London: English cricket is on the verge of another dawn with former test captain Andrew Strauss in talks to take on a powerful, newly created role that potentially threatens the future of under-pressure national coach Peter Moores.
Strauss' employer, British broadcaster Sky Sports, said on Friday he has been talking to the England and Wales Cricket Board over the past week about becoming the country's director of cricket. Strauss was scheduled to be commentating on England's one-day international against Ireland on Friday but was absent due to his continued negotiations with the ECB.
The new wide-ranging position, which will be responsible for delivering a "world-class performance environment for all formats," was created after the ECB fired managing director Paul Downton last month following England's dismal Cricket World Cup campaign.
Should Strauss take up the position, one of his priorities would likely be overhauling the ODI team to make it more competitive after years of failure in the 50-over format. The latest setback was a failure to advance from the group stage at the World Cup after losing to Bangladesh.
Strauss would also need to make a call on Moores, who is a year into his second spell as coach and has failed to justify a tag — given to him on his appointment by Downton — that he is the "outstanding coach of his generation."
A 1-1 draw in a test series against the West Indies, who were without many key players due to their involvement in the Indian Premier League, capped a disappointing year of results under Moores. Incoming ECB chairman Colin Graves said there would be "inquiries" if England didn't win the series against opposition he described as "mediocre."
Strauss' appointment was being widely viewed as a done deal, with Sky saying it was "highly likely." Another former England captain, Michael Vaughan, also spoke to the ECB but pulled out of the running, saying on Tuesday: "During our talks, the limitations of the role became clear to me, and I realized it was not the right job for me at this moment in time."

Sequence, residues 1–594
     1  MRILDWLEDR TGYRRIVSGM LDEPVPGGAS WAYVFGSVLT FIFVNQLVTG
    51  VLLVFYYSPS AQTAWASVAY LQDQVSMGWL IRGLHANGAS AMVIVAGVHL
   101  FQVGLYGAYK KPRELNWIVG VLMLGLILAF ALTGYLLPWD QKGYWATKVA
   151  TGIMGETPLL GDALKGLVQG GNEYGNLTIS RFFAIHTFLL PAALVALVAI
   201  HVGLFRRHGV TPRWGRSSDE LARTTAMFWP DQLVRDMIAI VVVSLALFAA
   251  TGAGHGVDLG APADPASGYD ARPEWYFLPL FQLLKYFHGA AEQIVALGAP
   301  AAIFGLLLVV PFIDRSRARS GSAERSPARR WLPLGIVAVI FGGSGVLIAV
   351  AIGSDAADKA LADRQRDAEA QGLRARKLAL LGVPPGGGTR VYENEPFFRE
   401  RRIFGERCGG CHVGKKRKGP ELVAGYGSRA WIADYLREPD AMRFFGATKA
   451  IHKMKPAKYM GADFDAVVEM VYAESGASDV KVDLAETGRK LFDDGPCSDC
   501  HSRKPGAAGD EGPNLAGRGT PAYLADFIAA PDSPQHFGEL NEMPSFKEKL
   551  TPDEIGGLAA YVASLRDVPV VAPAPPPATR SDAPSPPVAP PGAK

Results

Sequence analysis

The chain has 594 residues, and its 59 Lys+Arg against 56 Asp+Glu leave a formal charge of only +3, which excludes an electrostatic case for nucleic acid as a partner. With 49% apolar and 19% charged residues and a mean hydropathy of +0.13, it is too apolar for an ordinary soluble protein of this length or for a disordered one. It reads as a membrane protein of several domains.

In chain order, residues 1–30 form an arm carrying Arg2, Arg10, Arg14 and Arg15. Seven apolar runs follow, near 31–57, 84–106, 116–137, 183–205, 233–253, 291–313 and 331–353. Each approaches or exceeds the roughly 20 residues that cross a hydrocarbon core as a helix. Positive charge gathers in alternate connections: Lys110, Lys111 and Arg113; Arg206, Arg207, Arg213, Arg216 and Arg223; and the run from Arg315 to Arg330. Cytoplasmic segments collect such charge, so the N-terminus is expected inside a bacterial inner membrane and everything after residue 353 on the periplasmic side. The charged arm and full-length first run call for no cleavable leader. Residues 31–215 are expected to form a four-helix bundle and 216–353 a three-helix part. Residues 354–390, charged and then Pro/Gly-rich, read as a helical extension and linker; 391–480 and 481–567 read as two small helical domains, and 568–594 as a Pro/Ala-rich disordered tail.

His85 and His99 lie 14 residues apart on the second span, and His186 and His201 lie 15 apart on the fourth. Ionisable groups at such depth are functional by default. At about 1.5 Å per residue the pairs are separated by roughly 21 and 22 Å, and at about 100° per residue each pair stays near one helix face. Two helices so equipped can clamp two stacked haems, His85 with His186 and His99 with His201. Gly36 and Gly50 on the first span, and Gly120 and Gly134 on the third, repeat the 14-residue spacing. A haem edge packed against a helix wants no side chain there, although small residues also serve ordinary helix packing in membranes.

The 38-year-old Strauss retired in 2012 after captaining England to back-to-back Ashes series victories and the team's rise to No. 1 in the test rankings. The South African-born opener is one of England's most successful captains, and scored 7,037 runs in 100 tests.
In retirement, Strauss has worked as a pundit for Sky and written columns for British newspaper The Sunday Times.
Since losing 5-0 in the Ashes series Down Under in 2013-14, England has seen the departure of Andy Flower as coach, Alastair Cook as ODI captain, Ashley Giles as limited-overs coach, backroom staff members Graham Gooch and Mushtaq Ahmed, and gone through two managing directors.
Star batsman Kevin Pietersen has also seen his national contract terminated in an attempt by England to restore unity and harmony in the dressing room.
Pietersen is seeking a way back into the England team but Strauss' potential appointment is unlikely to help his chances. Pietersen declared in his recently published autobiography that a clique of players bullied and intimidated teammates in the Andy Flower era in which Strauss was captain.
Pietersen reacted to the latest news about Strauss by tweeting: "Hopefully he puts personal feelings aside & does what's right for English cricket...he has HUGE responsibility now!"